As Ireland increases the amount of wind energy connected to the grid, there will be increasing difficulties matching supply and demand. The control of Ireland’s demand for electricity is almost as important as the need to decarbonise electrical generation as green electrical generation cannot occur in the scale planned without a recognition that we need to match availability and usage. One method of adjusting demand that is currently being promoted is the use of electric cars to store energy when it is available. Buildings also have a role to play in the regulation of electrical energy demand. When smart metering is finally rolled out, offering electricity at different charge rates depending on availability, it is inevitable that large buildings will offer a response. BDP were keen to use this building to provide a demonstration of two methods by which buildings could respond to smart metering; firstly by adapting their electrical demand to the availability of the grid but also by offering a cost-effective method of energy storage that is more environmentally sensitive and has a lower cost than the use of batteries.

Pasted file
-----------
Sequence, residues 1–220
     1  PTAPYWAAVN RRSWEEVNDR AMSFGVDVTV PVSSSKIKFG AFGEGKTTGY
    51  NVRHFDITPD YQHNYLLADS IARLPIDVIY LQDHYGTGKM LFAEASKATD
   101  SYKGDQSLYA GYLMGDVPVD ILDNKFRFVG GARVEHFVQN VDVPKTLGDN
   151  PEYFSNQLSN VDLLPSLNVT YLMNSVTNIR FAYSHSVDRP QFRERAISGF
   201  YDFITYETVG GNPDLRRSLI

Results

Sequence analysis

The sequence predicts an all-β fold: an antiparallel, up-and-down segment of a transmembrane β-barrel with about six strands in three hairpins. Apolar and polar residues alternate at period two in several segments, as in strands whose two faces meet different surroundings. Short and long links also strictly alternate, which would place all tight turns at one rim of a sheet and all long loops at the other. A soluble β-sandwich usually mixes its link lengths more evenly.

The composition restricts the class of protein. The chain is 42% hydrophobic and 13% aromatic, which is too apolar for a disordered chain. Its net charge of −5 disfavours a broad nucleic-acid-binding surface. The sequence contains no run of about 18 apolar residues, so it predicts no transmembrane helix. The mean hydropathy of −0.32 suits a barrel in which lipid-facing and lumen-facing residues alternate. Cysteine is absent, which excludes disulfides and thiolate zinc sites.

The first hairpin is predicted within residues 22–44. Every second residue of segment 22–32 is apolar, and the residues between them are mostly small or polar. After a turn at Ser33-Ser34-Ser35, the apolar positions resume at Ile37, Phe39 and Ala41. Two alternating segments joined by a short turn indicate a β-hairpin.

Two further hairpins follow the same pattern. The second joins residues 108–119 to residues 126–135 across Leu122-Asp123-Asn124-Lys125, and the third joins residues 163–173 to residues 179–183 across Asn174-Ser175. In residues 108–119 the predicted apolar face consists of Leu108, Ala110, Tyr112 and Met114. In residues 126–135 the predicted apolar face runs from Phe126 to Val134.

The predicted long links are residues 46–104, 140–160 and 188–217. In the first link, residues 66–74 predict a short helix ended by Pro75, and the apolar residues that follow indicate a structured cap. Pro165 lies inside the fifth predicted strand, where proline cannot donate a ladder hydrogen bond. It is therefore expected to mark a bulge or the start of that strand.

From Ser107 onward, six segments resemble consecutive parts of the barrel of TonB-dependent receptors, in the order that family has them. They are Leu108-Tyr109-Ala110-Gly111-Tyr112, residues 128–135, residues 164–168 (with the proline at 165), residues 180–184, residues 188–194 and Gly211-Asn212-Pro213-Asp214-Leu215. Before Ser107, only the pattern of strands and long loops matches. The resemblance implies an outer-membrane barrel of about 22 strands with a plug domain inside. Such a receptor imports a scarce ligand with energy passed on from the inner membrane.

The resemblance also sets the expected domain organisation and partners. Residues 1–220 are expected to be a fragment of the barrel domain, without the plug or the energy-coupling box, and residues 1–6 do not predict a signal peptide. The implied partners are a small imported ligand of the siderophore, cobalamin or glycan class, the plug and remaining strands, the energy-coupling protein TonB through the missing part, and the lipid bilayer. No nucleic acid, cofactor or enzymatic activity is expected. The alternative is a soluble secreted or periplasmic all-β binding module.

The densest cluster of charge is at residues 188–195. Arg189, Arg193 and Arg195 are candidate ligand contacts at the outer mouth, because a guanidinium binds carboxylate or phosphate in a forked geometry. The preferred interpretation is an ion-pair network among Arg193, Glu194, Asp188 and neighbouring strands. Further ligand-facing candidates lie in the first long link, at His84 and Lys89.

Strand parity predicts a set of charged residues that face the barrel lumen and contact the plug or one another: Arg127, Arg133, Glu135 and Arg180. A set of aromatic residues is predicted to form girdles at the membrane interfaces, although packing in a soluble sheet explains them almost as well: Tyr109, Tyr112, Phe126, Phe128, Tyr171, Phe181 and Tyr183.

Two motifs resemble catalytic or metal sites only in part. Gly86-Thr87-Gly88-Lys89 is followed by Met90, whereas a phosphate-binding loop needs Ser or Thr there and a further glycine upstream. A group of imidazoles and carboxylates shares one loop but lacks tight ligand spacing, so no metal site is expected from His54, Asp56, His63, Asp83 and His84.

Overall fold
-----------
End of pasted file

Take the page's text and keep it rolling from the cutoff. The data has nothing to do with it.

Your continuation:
A large ice bank is provided in the basement as a means of using water to store energy. The ice bank consists of water tanks that have coiled pipework arranged within them. A chilled antifreeze solution is passed through the coils and a layer of ice builds on the coils during the charge cycle. The charge cycle is activated whenever there is excess wind available from the wind turbine, but it is also activated during the night when it is known that the national grid has excess capacity and electricity is available at less than half its normal price even with the current tariff system. Ultimately, when a smart metering tariff is available, the ice bank would charge whenever the meter informs the controls system that the grid has excess energy available. During the day, when there is a demand for building cooling, the antifreeze circulates through the ice and recovers the cooling from it. It takes as much energy to change water to ice as it would to heat it from 0C to 80C. This is known as the latent energy of fusion and is the reason that storing energy in ice requires a relatively small space requirement. Water is also a free, low maintenance and environmentally sensitive means of storing energy.